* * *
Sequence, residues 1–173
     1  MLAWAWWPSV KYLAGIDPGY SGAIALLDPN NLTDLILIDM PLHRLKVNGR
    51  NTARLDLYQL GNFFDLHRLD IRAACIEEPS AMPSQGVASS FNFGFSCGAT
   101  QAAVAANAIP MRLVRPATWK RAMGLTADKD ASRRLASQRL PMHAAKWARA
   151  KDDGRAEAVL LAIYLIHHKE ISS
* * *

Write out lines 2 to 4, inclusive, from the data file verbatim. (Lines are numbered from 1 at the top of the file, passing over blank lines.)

     1  MLAWAWWPSV KYLAGIDPGY SGAIALLDPN NLTDLILIDM PLHRLKVNGR
    51  NTARLDLYQL GNFFDLHRLD IRAACIEEPS AMPSQGVASS FNFGFSCGAT
   101  QAAVAANAIP MRLVRPATWK RAMGLTADKD ASRRLASQRL PMHAAKWARA